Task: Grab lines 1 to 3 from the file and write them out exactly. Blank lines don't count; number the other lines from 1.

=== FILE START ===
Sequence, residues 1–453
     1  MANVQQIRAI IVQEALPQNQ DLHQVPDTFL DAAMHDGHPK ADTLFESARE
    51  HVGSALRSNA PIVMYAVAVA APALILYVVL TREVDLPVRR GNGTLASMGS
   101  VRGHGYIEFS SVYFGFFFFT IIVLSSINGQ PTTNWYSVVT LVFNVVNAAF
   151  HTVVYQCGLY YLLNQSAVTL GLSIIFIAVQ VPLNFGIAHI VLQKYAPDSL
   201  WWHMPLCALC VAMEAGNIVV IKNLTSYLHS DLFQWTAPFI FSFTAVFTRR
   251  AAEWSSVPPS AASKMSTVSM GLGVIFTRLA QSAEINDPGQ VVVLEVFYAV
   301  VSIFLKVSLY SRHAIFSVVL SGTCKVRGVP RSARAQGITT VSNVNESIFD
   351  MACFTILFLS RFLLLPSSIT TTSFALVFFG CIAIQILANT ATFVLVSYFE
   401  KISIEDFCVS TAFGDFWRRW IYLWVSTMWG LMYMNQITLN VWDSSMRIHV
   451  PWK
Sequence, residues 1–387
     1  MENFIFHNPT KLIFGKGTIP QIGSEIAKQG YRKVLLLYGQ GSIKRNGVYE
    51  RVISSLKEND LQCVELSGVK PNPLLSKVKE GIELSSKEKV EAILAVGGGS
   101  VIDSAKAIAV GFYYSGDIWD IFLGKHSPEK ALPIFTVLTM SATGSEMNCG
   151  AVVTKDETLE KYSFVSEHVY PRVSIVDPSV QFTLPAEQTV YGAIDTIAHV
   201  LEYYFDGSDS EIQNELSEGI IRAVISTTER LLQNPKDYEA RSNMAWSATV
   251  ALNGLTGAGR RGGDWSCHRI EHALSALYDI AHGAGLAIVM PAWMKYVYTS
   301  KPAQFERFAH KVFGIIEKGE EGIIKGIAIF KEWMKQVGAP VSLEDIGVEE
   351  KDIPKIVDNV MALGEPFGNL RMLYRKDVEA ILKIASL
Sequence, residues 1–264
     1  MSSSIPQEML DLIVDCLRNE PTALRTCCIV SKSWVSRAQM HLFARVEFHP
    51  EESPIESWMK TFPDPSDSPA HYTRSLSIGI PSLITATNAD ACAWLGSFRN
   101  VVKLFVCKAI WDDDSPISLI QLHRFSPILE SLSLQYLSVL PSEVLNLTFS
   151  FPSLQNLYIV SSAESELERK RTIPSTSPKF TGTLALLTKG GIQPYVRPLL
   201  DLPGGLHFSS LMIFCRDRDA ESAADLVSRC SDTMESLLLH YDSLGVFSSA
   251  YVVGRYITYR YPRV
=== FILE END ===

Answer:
Sequence, residues 1–453
     1  MANVQQIRAI IVQEALPQNQ DLHQVPDTFL DAAMHDGHPK ADTLFESARE
    51  HVGSALRSNA PIVMYAVAVA APALILYVVL TREVDLPVRR GNGTLASMGS